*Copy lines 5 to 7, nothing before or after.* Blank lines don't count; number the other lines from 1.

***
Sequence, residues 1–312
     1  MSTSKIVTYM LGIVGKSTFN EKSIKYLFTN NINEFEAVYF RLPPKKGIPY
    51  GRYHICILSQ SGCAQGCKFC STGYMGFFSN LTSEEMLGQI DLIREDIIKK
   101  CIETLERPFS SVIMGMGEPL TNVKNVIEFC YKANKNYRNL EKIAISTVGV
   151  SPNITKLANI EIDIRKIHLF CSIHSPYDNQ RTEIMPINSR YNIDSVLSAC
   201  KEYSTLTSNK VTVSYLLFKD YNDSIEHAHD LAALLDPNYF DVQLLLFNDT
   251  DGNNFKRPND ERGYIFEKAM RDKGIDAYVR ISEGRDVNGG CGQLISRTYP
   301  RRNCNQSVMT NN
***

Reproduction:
   151  SPNITKLANI EIDIRKIHLF CSIHSPYDNQ RTEIMPINSR YNIDSVLSAC
   201  KEYSTLTSNK VTVSYLLFKD YNDSIEHAHD LAALLDPNYF DVQLLLFNDT
   251  DGNNFKRPND ERGYIFEKAM RDKGIDAYVR ISEGRDVNGG CGQLISRTYP